Book dedication

Christie's dedication in the book reads:
"To my Nephew. In memory of an inscription at Compton Castle and a day at the Zoo".

The ‘nephew’ is James (Jack) Watts (1903 – 1961), the son of Christie’s brother-in-law and sister James and ‘Madge’ Watts. Christie became very close to her nephew after his birth when she was thirteen and joined her mother in looking after him at his home, Abney Hall when her sister and brother-in-law went on skiing holidays to St Moritz and at Christmas[10], memories of which she writes enthusiastically about in the foreword to her 1960 collection of short stories The Adventure of the Christmas Pudding. The reference to Compton Castle and the zoo are obscure. It is possible that the house “Chimneys” is based on Compton Castle but Abney Hall is equally a probability. Christie gives no description of “Chimneys” in the book, merely stating that “Descriptions of that historic place can be found in any guidebook.”[11]

Dustjacket blurb

The dustjacket front flap of the first edition carried no specially written blurb. Instead both the front and back flap carried adverts for Christie’s five other Bodley Head books together with one or two short quotes from reviews for those books.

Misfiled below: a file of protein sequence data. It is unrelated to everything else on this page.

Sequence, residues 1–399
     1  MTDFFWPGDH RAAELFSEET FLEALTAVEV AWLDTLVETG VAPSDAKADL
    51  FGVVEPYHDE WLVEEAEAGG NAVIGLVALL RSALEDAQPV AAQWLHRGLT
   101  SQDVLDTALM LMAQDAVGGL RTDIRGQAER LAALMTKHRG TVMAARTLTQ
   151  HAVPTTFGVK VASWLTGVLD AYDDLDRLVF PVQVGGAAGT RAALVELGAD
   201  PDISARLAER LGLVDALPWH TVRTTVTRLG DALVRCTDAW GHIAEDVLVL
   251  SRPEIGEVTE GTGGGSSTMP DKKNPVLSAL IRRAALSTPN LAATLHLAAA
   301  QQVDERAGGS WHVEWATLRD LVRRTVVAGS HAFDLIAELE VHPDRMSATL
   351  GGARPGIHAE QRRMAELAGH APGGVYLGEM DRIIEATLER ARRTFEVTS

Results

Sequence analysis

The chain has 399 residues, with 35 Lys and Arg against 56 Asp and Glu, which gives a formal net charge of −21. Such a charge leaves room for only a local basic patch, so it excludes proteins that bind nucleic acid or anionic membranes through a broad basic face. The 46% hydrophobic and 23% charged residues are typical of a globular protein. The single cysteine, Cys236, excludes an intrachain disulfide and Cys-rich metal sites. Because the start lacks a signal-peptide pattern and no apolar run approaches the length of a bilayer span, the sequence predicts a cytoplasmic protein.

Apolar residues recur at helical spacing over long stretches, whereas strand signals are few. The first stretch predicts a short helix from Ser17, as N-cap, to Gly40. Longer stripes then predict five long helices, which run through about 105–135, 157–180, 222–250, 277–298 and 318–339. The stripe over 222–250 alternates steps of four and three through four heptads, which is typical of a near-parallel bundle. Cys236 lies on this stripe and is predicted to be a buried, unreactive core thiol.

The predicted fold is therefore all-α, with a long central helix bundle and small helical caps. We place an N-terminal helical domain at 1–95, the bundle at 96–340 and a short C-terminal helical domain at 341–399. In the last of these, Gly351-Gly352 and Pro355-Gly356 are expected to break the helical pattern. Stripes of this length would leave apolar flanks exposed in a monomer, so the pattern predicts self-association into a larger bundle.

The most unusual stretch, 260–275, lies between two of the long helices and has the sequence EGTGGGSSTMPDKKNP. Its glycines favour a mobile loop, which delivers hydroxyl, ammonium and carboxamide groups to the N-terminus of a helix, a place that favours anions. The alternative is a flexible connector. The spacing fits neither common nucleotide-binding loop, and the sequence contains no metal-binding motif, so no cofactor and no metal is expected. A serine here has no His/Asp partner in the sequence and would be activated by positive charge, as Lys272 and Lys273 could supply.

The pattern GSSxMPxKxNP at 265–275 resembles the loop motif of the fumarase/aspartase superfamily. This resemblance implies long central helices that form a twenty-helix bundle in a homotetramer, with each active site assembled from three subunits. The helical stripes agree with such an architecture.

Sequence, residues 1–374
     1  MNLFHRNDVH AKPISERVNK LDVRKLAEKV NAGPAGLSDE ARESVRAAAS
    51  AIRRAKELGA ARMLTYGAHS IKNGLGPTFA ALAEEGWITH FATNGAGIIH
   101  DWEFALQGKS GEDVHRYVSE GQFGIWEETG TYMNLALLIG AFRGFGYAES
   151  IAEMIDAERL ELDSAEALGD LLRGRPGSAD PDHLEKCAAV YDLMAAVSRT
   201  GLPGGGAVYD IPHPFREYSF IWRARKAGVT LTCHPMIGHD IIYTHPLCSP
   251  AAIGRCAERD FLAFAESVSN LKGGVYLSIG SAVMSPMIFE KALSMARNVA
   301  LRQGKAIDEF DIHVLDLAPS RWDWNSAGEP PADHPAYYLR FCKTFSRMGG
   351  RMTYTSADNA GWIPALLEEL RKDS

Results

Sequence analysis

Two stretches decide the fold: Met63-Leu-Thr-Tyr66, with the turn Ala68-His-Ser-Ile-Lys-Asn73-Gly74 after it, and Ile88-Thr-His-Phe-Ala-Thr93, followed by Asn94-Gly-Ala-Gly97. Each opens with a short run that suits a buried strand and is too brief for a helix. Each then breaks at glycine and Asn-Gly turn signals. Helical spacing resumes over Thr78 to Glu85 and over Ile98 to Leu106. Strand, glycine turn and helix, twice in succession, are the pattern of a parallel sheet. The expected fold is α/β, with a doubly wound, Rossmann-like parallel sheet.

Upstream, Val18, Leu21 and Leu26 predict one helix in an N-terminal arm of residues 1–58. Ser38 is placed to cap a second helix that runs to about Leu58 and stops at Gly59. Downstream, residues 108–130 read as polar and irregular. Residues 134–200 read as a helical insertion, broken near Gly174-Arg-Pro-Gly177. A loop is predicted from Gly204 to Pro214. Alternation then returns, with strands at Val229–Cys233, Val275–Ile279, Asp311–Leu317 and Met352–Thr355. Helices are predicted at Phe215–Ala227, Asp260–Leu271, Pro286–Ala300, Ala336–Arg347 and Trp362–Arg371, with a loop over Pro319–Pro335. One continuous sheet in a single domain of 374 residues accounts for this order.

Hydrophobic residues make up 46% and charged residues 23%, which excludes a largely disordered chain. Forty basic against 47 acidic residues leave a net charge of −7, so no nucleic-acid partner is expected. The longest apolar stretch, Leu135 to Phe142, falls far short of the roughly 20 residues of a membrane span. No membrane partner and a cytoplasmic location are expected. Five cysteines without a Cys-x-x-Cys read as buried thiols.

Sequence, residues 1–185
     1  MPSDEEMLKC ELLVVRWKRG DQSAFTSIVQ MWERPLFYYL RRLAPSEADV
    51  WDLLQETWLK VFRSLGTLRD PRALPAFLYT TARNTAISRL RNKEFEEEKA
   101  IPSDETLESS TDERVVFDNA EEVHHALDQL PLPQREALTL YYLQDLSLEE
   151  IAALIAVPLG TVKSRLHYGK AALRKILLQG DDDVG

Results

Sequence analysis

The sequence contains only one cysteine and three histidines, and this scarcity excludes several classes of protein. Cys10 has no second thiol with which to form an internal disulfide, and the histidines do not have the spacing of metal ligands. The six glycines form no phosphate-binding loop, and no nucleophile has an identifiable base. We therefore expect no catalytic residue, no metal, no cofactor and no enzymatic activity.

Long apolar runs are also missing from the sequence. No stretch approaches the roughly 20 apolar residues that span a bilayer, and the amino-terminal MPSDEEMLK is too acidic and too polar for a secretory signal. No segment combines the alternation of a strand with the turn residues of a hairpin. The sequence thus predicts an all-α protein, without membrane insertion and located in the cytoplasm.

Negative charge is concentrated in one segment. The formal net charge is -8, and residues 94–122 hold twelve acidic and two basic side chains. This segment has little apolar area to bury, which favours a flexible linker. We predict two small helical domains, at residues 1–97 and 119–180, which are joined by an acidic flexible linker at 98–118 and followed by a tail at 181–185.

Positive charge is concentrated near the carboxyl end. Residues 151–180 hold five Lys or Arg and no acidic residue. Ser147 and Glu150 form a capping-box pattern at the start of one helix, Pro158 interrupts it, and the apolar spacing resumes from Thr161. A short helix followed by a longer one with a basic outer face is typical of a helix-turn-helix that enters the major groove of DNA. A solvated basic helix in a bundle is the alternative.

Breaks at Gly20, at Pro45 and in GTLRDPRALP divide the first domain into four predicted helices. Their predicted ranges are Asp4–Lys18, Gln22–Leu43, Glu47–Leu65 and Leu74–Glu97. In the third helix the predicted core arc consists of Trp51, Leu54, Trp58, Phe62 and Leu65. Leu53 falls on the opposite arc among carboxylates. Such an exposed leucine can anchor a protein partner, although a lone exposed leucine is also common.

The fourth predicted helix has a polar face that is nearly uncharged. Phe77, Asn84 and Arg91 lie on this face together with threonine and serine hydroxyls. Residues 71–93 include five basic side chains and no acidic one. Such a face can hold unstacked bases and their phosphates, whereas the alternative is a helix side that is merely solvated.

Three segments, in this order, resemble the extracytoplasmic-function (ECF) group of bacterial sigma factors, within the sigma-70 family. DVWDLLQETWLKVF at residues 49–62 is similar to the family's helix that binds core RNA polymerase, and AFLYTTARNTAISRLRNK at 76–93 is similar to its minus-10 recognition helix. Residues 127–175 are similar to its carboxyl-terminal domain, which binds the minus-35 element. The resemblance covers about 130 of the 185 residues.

1. ^ Announcement in The Publishers' Circular and Booksellers Record June 3, 1925. Volume 122, No 3076, Page 733
  2. ^ a b American Tribute to Agatha Christie
  3. ^ Vanessa Wagstaff and Stephen Poole: Agatha Christie: A Readers Companion (Page 41). Aurum Press Ltd, 2004. ISBN 1-84513-015-4
  4. ^ The Times Literary Supplement July 9, 1925 (Page 466)
  5. ^ The Observer June 28, 1925 (Page 7)
  6. ^ The Scotsman July 16, 1925 (Page 2)
  7. ^ Barnard, Robert. A Talent to Deceive – an appreciation of Agatha Christie - Revised edition (Pages 204-5). Fontana Books, 1990. ISBN 0-00-637474-3
  8. ^ Christie, Agatha. An Autobiography. (Pages 317-8). Collins, 1977. ISBN 0-00-216012-9
  9. ^ Shotsmag the best ezine for crime and mystery fiction (Latest News)
  10. ^ Morgan, Janet. Agatha Christie, A Biography. (Page 36) Collins, 1984 ISBN 0-00-216330-6
  11. ^ Christie, Agatha. The Secret of Chimneys. (Page 95) The Bodley Head, 1926. No ISBN